Forrest Gump happens to be one of my favourite films. Not because I love Tom Hanks. But because it is more than just a movie; it is a life lesson on celluloid. I rewatch the movie from time to time, hoping to glean something new from the protagonist’s–Forrest’s– utterly unique and fascinating life. Since the last time I watched it, one particular scene has been replaying in my mind: the scene where Forrest sits at a bus stop with a box of chocolates in his hands. He tells a stranger, “My mama always said, ‘Life is like a box of chocolates. You never know what you’re gonna get’.” Though I have watched the scene numerous times, it felt different this time. It got me thinking what Forrest might have intended to convey through these words.
I wondered if Forrest was referring to the randomness of life–we never know what is going to come our way. Life, as we know it, has its highs. But along the way, we face our fair share of lows. During such times, we are told life is about making the right choices and staying positive no matter what. Making the right choices sure is a necessity, but I wonder how far thinking positively can help. Wouldn’t an overdose of positivity blind one to potential disasters? After all, life is full of surprises.
Perhaps, it is ideal to hope for the best while also preparing for the worst. This approach doesn’t make an individual a pessimist. It just makes them a better planner, preparing them to face the worst possible situations. Bangalore-based wedding planner Divya Chauhan relates to this very well. She observes, “It is critical for us to think of all possible outcomes–from best to the worst–so that we can be prepared to tackle any emergencies.”
Bangalore is the ‘garden city of India’. Naturally, couples love the idea of getting married in open lawns. But 15 minutes of rain can ruin one of the most special days of their lives. “It is for this very reason we wedding planners always have an option A followed by an option B. It is only prudent to think of the worst-case scenarios,” Divya explains.
Hoping for the best is just as important as preparing for the worst. In fact, one without the other is probably unrealistic.
Preparing for the worst is simply an objective way of going about our lives. Having said that, I do not mean we should not stay positive. Hoping for the best is just as important as preparing for the worst. In fact, one without the other is probably unrealistic. In fact, Peter T Underwood in his book US Army Survival Manual, writes: “When you go into survival setting with unrealistic expectations, you may be laying the groundwork for bitter disappointment. Follow the adage, ‘Hope for the best, prepare for the worst.’ It is much easier to adjust to pleasant surprises about one’s unexpected good fortunes than to be upset by one’s unexpected harsh circumstances.”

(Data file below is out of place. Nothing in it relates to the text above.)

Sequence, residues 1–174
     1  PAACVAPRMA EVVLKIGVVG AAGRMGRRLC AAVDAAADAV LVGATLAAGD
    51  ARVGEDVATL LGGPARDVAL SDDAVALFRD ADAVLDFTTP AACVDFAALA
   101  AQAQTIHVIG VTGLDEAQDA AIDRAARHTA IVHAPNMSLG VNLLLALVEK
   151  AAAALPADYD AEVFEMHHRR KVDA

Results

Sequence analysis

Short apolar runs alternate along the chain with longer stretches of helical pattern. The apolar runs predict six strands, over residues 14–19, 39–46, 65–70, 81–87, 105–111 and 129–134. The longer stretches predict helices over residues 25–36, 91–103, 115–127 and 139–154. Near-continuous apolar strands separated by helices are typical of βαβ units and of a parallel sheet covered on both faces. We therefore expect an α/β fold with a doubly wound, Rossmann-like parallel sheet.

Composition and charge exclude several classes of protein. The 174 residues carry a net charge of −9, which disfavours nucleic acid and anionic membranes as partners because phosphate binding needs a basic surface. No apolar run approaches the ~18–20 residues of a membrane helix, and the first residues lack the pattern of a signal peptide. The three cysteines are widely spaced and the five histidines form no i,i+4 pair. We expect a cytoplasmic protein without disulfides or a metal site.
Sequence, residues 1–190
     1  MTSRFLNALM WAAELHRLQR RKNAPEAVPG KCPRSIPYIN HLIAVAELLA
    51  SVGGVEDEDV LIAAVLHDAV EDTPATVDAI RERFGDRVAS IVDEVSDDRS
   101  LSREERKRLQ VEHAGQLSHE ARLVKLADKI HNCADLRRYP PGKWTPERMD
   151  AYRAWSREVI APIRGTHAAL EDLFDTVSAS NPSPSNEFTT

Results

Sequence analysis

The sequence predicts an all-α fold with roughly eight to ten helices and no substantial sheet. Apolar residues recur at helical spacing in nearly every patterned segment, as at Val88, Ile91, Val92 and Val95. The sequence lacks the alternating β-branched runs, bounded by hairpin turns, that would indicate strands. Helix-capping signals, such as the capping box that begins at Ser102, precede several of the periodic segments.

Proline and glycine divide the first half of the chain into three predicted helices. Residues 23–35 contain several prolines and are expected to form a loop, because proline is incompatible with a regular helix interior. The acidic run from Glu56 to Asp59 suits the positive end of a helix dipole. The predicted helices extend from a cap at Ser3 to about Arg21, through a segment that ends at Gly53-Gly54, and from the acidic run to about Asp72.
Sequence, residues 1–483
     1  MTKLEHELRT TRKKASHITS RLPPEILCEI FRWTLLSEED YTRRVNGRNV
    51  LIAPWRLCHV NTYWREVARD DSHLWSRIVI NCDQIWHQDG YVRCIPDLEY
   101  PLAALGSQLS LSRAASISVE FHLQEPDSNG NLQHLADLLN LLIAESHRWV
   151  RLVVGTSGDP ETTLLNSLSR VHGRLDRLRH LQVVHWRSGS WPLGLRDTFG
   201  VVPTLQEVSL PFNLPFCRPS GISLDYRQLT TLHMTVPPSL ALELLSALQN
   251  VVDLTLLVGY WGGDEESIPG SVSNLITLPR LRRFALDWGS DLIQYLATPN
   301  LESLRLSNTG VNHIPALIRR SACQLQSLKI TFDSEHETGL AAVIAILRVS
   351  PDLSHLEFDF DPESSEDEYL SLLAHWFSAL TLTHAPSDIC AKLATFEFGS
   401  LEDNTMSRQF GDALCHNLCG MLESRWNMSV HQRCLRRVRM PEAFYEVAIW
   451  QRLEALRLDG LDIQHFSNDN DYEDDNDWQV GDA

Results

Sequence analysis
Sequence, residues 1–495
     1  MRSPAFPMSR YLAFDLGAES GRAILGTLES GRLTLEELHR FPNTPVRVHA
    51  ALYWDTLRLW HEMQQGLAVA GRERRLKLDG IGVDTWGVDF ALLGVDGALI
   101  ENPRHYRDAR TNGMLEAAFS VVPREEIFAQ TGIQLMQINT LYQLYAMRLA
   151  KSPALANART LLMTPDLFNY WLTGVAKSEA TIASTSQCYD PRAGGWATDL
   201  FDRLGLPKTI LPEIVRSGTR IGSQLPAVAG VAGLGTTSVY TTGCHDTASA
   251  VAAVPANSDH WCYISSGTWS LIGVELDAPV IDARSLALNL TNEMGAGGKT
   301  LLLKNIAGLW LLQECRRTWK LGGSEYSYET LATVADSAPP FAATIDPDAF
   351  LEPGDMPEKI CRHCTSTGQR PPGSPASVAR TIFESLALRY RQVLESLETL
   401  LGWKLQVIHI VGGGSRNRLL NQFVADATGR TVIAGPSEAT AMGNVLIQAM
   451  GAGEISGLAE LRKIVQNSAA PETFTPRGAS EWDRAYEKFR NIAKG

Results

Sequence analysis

Pastry chef Sandhya Sureshkumar could not agree more. She believes this kind of survival-mode planning is integral to baking. “There’s a reason bakers spend a lot of time measuring and weighing ingredients. When it is a bulk order, consistency is key. And following a set recipe, right down to the last digit of an ingredient’s measurement, is essential to make sure there are no ugly surprises,” she says.
If Sandhya’s approach is not a wise one, then I do not know what is. This kind of thinking helps one assess an event or a situation from various perspectives, thereby averting any potential disasters. Unfortunately, the concept of positive thinking rarely leaves any room for probable problem assessment. Mere positive thinking, without looking a situation in its totality, is plainly wishful thinking. Being wishful doesn’t take us anywhere, does it?
One cannot always live in a bubble of positivity. If we haven’t been saving up, a rainy day might just burst that bubble someday. We cannot just assume that when the need arises, we will suddenly discover gold! Even the ant in the Aesop’s fable The Ant and the Grasshopper knew this truth. While the grasshopper frolicked about throughout the summer, the ant gathered food for the winter. Sure, the ant might not have enjoyed the summer. But when winter came, the ant had food and the grasshopper did not. It is clear, isn’t it? It is always better to hope for the best, but prepare for the worst.